Classic Books

“ Omnia mutantur, nihil interit (everything changes, nothing perishes). ” Ovid, Metamorphoses.

“A classic stands the test of time. The work is usually considered to be a representation of the period in which it was written; and merits lasting recognition. In other words, if the book was published in the recent past, the work is not a classic.
A classic has a certain universal appeal. Great works of literature touch us to our very core partly because they integrate themes that are understood by people from a wide range of backgrounds and levels of experience. Themes of love, hate, death, life, and faith touch upon some of our most basic emotional responses.”

A classic has the ability to engage the reader as part of the narrative. I have to confess – and indeed it feels confessional to say so – that modern literature is frequently depressing since its focus is either on caustic satire or lamentable weakness and affairs about which few of us can be proud. The sequel to “Tom Brown’s Schooldays”  relates Tom’s experiences when he becomes a student at Oxford and struggles to balance the temptations of university life at the time with his innate sense of decency. Hughes preaches relentlessly at us, Tom develops Chartist leanings and old friends from Rugby turn up in unexpected places. It takes a more outward-looking view, no longer from a boy in the closed cocoon of his school, describing manners and customs long forgotten, but underlying motives about who we are as people and how we interact with each other is a universal theme, seen through the Victorian lens of a rigid class system. Perhaps we have lost sight a little of how heroism and unselfishness works, how faith ought to drive our actions and our contribution to the world means that we leave it a better place than we found it.

Retirement seems to have had the effect of developing a longer, broader view. It becomes easier to contextualise one’s being at this particular time within the perspective of a much longer timeframe. As we are more honest with ourselves, we see more clearly from whence we have come and how we have arrived at where we are, emotionally, intellectually and spiritually. I can’t help wondering if this is what a spark of wisdom actually looks like. 
The world is made up of two kinds of people, first are those who love classics, the second are those who have not yet read a classic.  Oscar Wilde once wrote that ‘if one cannot enjoy reading a book over and over again, there is no use in reading it at all’. I’m looking forward to revisiting many of my old friends in their pages.

arma virumque cano*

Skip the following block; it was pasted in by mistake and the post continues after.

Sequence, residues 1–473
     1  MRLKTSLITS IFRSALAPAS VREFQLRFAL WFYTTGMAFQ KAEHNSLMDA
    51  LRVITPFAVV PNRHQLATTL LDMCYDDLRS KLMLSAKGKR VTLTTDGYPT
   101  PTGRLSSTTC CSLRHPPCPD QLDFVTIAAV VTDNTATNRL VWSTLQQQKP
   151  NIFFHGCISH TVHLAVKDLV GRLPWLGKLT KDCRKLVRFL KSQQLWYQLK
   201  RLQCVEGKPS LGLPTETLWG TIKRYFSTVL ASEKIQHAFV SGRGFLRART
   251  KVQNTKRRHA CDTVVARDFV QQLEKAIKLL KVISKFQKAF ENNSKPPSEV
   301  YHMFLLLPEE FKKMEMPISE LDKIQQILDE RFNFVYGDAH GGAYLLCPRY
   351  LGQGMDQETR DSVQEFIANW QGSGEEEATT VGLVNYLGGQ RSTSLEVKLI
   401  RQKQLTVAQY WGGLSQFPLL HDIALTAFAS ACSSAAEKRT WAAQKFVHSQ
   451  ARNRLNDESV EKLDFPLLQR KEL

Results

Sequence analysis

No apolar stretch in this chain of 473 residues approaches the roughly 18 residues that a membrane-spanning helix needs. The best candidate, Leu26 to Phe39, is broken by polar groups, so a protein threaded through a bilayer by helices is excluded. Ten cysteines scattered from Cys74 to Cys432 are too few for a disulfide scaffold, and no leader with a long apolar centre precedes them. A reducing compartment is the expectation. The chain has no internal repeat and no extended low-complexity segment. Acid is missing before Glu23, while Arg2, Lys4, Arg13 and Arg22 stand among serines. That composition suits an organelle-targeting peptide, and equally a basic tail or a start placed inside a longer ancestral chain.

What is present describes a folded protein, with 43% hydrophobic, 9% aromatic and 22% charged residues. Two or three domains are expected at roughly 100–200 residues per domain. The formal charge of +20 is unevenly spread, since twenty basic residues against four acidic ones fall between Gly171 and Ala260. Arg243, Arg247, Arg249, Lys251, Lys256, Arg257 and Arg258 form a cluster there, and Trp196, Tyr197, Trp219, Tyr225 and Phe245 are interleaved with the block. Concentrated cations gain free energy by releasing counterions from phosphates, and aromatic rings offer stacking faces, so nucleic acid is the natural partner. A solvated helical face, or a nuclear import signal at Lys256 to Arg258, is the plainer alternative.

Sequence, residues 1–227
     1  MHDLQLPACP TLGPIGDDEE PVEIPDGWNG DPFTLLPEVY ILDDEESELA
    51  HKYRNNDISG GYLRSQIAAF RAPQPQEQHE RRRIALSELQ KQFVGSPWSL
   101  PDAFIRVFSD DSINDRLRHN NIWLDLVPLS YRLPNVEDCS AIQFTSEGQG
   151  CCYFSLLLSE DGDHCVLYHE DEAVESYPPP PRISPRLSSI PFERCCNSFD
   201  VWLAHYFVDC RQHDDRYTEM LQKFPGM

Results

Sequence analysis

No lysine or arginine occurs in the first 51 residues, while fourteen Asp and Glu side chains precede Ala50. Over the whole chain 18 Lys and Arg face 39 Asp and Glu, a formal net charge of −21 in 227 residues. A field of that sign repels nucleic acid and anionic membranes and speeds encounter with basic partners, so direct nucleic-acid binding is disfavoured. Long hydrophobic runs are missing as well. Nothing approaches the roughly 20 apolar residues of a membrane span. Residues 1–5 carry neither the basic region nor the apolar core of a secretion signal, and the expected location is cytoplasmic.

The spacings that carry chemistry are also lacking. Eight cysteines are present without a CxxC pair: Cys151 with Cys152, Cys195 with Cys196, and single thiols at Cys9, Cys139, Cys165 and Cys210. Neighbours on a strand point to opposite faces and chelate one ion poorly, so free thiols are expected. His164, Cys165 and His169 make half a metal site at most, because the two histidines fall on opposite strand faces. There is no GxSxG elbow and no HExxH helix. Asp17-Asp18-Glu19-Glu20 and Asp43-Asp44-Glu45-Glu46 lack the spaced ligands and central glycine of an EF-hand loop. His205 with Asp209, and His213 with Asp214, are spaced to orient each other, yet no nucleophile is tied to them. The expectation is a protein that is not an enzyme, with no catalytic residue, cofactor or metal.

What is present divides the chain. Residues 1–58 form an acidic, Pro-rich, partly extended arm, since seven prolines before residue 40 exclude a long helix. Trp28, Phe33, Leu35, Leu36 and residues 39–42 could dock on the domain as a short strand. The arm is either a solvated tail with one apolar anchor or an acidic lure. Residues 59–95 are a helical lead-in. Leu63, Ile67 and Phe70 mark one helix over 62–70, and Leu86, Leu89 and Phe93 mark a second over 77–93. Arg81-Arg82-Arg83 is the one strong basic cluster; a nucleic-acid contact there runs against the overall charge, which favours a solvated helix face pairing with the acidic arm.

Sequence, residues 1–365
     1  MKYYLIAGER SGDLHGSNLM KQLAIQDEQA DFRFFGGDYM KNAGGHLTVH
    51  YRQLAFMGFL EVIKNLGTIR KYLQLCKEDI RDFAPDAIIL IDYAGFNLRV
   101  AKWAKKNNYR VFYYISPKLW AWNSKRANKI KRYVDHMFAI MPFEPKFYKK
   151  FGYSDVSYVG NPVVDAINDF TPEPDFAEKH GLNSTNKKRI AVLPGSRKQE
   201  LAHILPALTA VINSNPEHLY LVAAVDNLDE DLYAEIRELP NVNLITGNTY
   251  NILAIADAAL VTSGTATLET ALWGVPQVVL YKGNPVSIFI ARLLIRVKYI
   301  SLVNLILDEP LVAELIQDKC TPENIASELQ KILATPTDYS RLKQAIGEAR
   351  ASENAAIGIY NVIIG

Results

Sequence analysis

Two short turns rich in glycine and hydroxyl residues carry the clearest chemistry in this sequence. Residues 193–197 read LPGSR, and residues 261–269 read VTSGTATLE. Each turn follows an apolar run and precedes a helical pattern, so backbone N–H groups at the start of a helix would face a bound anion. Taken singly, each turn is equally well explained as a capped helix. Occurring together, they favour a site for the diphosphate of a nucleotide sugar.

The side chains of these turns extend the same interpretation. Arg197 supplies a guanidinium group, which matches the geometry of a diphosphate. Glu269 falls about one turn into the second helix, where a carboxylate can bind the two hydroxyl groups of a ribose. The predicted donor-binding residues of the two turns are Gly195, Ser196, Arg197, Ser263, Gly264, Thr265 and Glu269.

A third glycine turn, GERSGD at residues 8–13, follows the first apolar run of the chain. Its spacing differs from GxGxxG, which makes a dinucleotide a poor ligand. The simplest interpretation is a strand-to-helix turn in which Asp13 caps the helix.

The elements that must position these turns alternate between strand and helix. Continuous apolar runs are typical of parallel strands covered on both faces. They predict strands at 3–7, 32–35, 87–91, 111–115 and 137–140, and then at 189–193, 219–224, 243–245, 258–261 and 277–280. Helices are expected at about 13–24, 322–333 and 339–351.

Single shot, breech loading circa 1800

Once again. A young man with a grudge and guns. Ten students dead this time. Second Amendment? Just because it was set in place in the aftermath of the Revolutionary War doesn’t mean that it is set in stone, nor can its fundamental ideology be questioned. In the light of the fact that people without proper training or experience can acquire not just a hunting rifle but in certain states a semiautomatic assault rifle more usually seen on the battlefield, and remembering that when the Amendment was written, all that was available was a single shot, breech loading device that could, in very experienced hands, fire between three and four rounds a minute, it is time for a review, gun lobby or not since the Amendment as written is no longer fit for purpose.
It would be counterintuitive – as well as anti-historical – to believe that the landowning aristocracy like Madison and Washington wanted to arm the population so that a crowd of malcontents could resist the constitutionally elected government. In reality, the Framers of the Constitution wanted to arm the people – at least the white males – so uprisings, whether economic clashes like Shays’ Rebellion, anti-tax protests like the Whiskey Rebellion, attacks by Native Americans or slave revolts, could be dealt with by a locally raised militia. They were the local Government agents, guarantors of economic tranquility and were never given a mandate for wanton destruction, neither was such ever envisaged as a possibility at the time.
What about other places? People carry in Israel, for example. The primary difference is that most Israelis are weapons-trained, having served in the IDF, and many Americans are not; no proof of competence seems to be required. In Israel, getting a license is gruelling and can often involve months of security vetting, weapons licensing checks, serial number matching, condition of the weapon, range certification, plus a barrage of awareness-raising information to be given verbally to the prospective owner – “When can I shoot in self-defence?” “You had better be certain that you had no other recourse, that you did what you could to warn the attacker, and that had you not taken action, at least one innocent life could have been lost. And you may still expect to do jail time.” A fair disincentive for shooting someone in a fit of pique. Soldiers with weapons and private citizens who openly carry are everywhere in Jerusalem but it is hardly surprising that unprovoked discharge of a firearm is almost unheard of.  
It should be made much more difficult – in the US and elsewhere – for a civilian, especially without proper training, to acquire and keep any kind of weapon. We have an old hunting rifle, which I don’t use because I am not licensed to do so and if I wanted to buy a gun here in France, I’d have to pass a written and practical test then join a gun club and/or buy a safe and finally buy the annual license. I would not be allowed to carry it on the streets under any circumstances on penalty of extreme prosecution.

The statistics are overwhelming. I wonder which of Washington’s successors will have the courage to do the right thing.
* I sing of arms and the man.. Virgil: Aeneid